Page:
Gun Control: If not now, when?

This past week the local  news reported the carnage from guns.  On Tuesday December 11th a lone 22-year-old man wearing body armor, a hockey mask and carrying an AR-15 assault rifle walked into Clackamas Town Center Mall in Portland, Oregon and opened fire.  Two were murdered, one 15-year-old girl seriously wounded and hundreds  shopping were emotionally traumatized.

What I find surprising are voices from local politicians and the editorial page of our statewide paper the Oregonian, counseling that this not be the time to debate the societal causes of violence and the easy access to assault weapons.  This is they say ‘ a time to heal, not a time for divisive debate’.  

I agree that this is a time for coming together, a time for prayer and for expressions of compassion and kindness.  Yet, I believe it is a disservice to the memory of those victimized by the violence,  not to take up the difficult debate about the violent influences in our culture and the easy access to weapons.

This past presidential debate the Republican candidate upheld the 2nd Amendment to the Constitution as the right to own any and all weapons.  President Obama was pointedly silent on the topic.  Each time in the aftermath of a mass shooting, the counsel is not to raise the divisive topic of  gun control.  Proponents of the NRA hope that the emotions of the moment will dissipate and we will continue the status quo.  Thus far their strategy has proven right.

However if you want to hear the voice for Gun Control, then talk to a first responder, a police officer, an EMT and most often you will hear a voice for limits.  These first responders are the one’s who must risk their life in a nation that resists gun control.  For example in 2010 there were 9000 murders by guns in the United States (and many thousands more wounded).  In comparison in Great Britain which has restrictions on access to weapons there were 58 gun related murders.   Even allowing for the difference in population that is a staggering difference.

As an Oregonian I’m standing with State Senator Ginny Burdick D-Portland who announced she will introduce in the 2013 legislature a ban on the sales of high-capacity ammunition magazines.  The very kind used to kill and terrorize holiday shoppers at the Clackamas Mall.  

Yes, this is a time to heal, to come together, to take care of each other, neighbor and stranger alike, to the best of our ability.  It is also a time to say this pattern of gun violence must stop and stop now.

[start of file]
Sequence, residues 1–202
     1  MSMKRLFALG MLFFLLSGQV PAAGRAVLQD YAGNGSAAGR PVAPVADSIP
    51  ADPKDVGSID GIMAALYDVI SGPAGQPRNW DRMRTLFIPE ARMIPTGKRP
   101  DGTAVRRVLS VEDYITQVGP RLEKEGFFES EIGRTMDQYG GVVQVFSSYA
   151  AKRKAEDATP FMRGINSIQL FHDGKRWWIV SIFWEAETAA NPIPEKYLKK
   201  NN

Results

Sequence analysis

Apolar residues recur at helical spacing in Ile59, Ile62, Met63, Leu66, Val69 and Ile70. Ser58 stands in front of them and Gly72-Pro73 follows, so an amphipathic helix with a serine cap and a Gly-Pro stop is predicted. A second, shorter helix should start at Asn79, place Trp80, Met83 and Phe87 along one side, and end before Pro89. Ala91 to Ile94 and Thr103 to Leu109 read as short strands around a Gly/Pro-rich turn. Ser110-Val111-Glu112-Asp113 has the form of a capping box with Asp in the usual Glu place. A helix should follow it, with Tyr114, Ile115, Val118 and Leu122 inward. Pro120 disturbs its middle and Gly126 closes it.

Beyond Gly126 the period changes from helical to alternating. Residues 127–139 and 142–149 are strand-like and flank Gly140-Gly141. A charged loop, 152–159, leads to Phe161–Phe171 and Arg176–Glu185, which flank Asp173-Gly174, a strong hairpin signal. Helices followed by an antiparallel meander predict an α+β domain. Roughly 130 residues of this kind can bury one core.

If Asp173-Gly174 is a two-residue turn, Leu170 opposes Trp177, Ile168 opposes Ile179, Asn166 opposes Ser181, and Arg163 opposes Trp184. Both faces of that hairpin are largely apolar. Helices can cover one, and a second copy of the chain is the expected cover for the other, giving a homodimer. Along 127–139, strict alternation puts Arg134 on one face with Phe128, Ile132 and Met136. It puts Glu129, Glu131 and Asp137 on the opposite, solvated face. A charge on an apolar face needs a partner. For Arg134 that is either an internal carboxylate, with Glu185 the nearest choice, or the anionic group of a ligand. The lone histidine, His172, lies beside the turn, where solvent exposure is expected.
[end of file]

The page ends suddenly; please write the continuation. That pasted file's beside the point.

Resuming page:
7 thoughts on “Gun Control: If not now, when?

  1. Thanks for this post. The truth is that we DO need gun control and we need it now. There is no excuse for civilians to have high-powered assault weapons. There have been civilians killing each other and police killing civilians at an alarming rate for the past several years. What needs to happen, before we as citizens, stand up and demand that our politicians pass reasonable gun
    control legislation? Thank you again for a Christian voice in what often seems like the wilderness
    of apathy.

    1. Thanks Cheryl, I have a childhood friend who is a career police officer and he tells me regularly how frightening it is to come up against assault weapons and how readily accessable they are.

  2. Kent, the irony here is that we truly believe that somehow we’re safer because we have such easy access to guns. I’ve never felt more unsafe than since moving to the US where every angry, traumatized, and in some cases mentally deranged, individual can quickly and easily dispatch their frustration through a hot gun barrel in a crowded place. Is this truly what the forgers of the Constitution/Bill of Rights intended? Is this not a time for honest, rational debate on an epidemic issue? How many more will need to perish in the name of “freedom?” And, how exactly is that a “freedom” to the corpses of victims now buried beyond our sight and only now in our memories? Lord, have mercy…

    1. Rob, seems to be something deeply ingrained in the ‘American’ psyche of individualism and right to bear arms of any type. I have no problem with the right to have a gun for hunting or even for target shooting. But to allow ready access to assault weapons who as their name indicats has only one purpose is a true threat to society. Another part of the debate is the glorification of violence in our popular culture via video and video games (I’ve read that one popular one is going into a mall and killing people). And, there is a huge financial incentive to keep the arms flowing.

      1. And wherever there is financial incentive…body bags be damned if either my “rights” or my pocket book are infringed upon. Apparently, these are the platform of “values” voters. Of that, I am doubly concerned.

    1. Your welcome Lisa. A day after writing the blog, we now read of the tragic murder of 18 children and 8 adults at an elementary school in Newtown, Connecticut. If this doesn’t broker a serious debate what will?

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